This review was sponsored by GoPro who provided the GoPro Zeus Mini. A huge thank you to GoPro for supporting ADVrider.
GoPro’s trying new things these days. The company originally broke into the video market with action cameras aimed at capturing adrenaline-packed moments from sports like snowboarding, heli-skiing, that sort of thing. As time went by, a second generation of users found the cameras worked well in other roles. Vloggers, lifestyle influencers, and other cool kids started using GoPro cameras, and started a demand for other accessories. Now, GoPro’s got an extensive line of gadgets that make it easier to use their cameras. That’s where the https://bit.ly/3oD1z7G“>Zeus Mini light comes in.
Launched earlier in 2020, GoPro says the Zeus Mini is “Compact, versatile LED illumination for projects, camping, outdoor adventures, safety and more.” That’s where the Zeus Mini shines; it’s reasonably compact, and it’s very versatile.
At its core, the https://bit.ly/3oD1z7G“>Zeus Mini is a flashlight on a GoPro-style mount. That doesn’t sound too exciting at first, until you realize that GoPro has been making a wide range of mounts for several years now. Suction cups, stick-on helmet mounts chest straps, floating handle, handlebar mount—GoPro has a mount for every situation.
The magnetic clip swivel light that ships with the Zeus Mini could be the most versatile mount of them all (probably why it’s bundled with the light). Need an auxiliary light for late-night motorcycle wrenching? The magnetic base will attach to your bike’s frame or gas tank. Need a headlamp? The clip-on mount clamps down to your ballcap brim, or to your shirt collar. Or you can attach it to a backpack strap, or to the side of your tent, or your workbench, or your bedside table, your car’s engine bay, a gun safe, the top of your toolbox, the bottom of your kitchen sink, the top of your computer screen, or whatever. The clip swivel light transforms the Zeus Mini from a simple high-quality flashlight (which it is—this isn’t chintzy throwaway stuff) into a great EDC option, if only you can figure out how to store it in your pocket efficiently.
GoPro sent me a test unit, and I’ve been using the Zeus Mini regularly over the past weeks. I’ve found it useful in a wide range of roles due to its unusual configuration. Most recently, the remote-starter module in my Subaru decided to self-eject from the dashboard and get tangled up with the clutch pedal. Unable to see to re-attach the electronics in the under-dash darkness, I grabbed the Zeus Mini from the backpack and clipped it in place. Bam, instant light in a tricky location. If you’ve got one of these lights within grabbing distance during projects, you’ll constantly find similar uses.
As a regular flashlight, the Zeus Mini is versatile enough to command a premium price, but on that strength alone, the $49 MSRP is still overly high. It’s the integration with GoPro’s “system” that really makes it an attractive buy. To be sure, it’s expensive, but if you’re an existing GoPro user, especially if you’re a super-user, you’re going to find new ways to integrate this into your filming. The biggest role is its function as a light for a GoPro camera. If you need a camera light that works with the GoPro system, you know the Zeus Mini has a 5000K color temperature, specifically tuned for GoPro cameras. That’s going to help you film better low-light colors. It’s even waterproof to 33 feet, if you need to film underwater for some reason. Good luck doing that with your Wal-Mart headlamp.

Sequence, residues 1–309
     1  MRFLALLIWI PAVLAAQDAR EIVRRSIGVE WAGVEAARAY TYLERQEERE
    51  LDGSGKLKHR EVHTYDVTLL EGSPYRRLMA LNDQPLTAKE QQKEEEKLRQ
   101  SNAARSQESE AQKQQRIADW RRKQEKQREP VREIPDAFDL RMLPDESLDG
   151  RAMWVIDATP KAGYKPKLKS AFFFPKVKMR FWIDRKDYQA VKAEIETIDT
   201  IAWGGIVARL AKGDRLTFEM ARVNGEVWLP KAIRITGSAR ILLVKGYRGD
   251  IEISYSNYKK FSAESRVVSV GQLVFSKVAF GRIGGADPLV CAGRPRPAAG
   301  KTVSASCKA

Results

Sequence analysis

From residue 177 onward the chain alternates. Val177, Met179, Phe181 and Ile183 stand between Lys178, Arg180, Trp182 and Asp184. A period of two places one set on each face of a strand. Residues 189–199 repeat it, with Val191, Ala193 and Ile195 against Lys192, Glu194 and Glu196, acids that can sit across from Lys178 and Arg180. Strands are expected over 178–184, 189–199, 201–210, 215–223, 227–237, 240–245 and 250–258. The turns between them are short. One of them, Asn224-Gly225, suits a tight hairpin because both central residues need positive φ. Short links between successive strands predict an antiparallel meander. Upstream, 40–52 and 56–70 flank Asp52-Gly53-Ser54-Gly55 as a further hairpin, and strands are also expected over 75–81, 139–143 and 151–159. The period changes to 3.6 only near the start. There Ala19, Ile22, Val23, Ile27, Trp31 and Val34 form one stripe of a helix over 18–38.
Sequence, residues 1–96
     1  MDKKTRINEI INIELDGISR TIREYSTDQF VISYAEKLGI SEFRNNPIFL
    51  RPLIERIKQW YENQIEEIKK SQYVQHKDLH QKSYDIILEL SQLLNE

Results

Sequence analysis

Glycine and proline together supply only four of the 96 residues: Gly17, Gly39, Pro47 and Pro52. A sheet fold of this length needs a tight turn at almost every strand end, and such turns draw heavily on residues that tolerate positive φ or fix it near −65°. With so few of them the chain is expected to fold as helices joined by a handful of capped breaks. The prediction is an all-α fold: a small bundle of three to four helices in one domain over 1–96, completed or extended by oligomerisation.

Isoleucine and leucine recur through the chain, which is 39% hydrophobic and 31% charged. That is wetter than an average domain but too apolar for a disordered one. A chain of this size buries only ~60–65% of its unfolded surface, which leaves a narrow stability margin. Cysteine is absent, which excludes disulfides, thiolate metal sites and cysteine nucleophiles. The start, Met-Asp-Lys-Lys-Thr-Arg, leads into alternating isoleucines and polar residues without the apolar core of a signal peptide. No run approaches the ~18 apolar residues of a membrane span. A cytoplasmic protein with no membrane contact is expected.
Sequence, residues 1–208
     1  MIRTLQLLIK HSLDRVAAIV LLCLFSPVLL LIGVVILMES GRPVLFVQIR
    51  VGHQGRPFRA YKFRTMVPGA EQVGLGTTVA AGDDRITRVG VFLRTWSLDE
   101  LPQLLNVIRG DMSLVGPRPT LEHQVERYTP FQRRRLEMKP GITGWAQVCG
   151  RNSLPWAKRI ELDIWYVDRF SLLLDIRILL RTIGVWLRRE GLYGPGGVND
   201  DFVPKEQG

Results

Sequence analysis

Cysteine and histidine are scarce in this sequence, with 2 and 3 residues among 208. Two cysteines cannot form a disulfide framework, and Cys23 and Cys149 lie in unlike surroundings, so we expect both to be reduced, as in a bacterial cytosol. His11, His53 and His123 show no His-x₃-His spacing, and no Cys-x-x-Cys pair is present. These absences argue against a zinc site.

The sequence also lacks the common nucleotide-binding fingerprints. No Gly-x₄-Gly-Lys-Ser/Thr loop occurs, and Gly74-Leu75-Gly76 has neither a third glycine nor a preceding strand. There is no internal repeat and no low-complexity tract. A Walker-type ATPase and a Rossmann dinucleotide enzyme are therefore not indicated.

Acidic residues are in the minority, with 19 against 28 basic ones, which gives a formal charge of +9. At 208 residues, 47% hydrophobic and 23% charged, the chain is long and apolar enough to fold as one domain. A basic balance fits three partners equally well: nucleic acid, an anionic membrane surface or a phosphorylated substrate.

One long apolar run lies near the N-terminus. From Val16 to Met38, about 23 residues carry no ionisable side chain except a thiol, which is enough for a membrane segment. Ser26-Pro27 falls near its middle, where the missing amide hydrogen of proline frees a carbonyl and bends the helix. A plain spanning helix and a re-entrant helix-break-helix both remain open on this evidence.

The Zeus Mini also attaches handily to GoPro’s Media Mod via the cold-shoe mount. That’s especially hander for vloggers, journalists or filmmakers who want a convenient, tidy package put together with GoPro parts. If you’re using a different GoPro handle or mount, the clip can attach to the handle, using the magnet to keep a battery pack in place … the more you use it, the more outside-the-box options you’ll come up with. The Zeus Mini even has a strobe function (Brake light burned out, and you must keep on riding to the next town after dark? Attach that light to the back of your bike in strobe function, and maybe you won’t be rear-ended!).
GoPro says the Zeus Mini can put out up to 200 lumens for a 30-second burst. Otherwise, there’s 20 lumens at Level 1, 60 lumens at level 2, 125 lumens at Level 3. Battery life is one hour at Level 1, two hours at Level 2, six hours at Level 1. With all that in mind, you can see the Zeus Mini doesn’t have the output to replace a really powerful headlamp or flashlight, if you need all that candlepower.
However, there’s lots of times you don’t need 600 lumens on the road, or around the campground outhouse, or wherever, and there’s lots of times you do need a trouble light, a light for reading in your tent, and so on. That’s where the Zeus Mini proves its value; filling a wide variety of roles, while only taking up minimal space in your tank bag or backpack or whatever. Any experienced ADVer knows that versatile equipment allows for a smaller load on the road.
Should you buy one?
The Zeus Mini’s current $49 price is much easier to swallow than its original $69 sticker. If you already bought into the GoPro system and you have a camera and some proprietary mounts, you probably have the $49 to spare, and you should enjoy using the Zeus Mini. For fussy videographers, it allows easier dark-light filming. For travelers, it’s a versatile light you can stick anywhere. For motorcyclists, it’s a handy multi-function accessory that can provide much-needed illumination in an emergency. It won’t replace a proper full-power flashlight, but you should find it useful in many ways if you fit into those categories.
The GoPro Zeus Mini is available through GoPro’s website, or through other retailers. It uses a built-in rechargeable battery, via USB-C Cable. For an initial peak at the camera’s functions, see ADVrider’s first story here.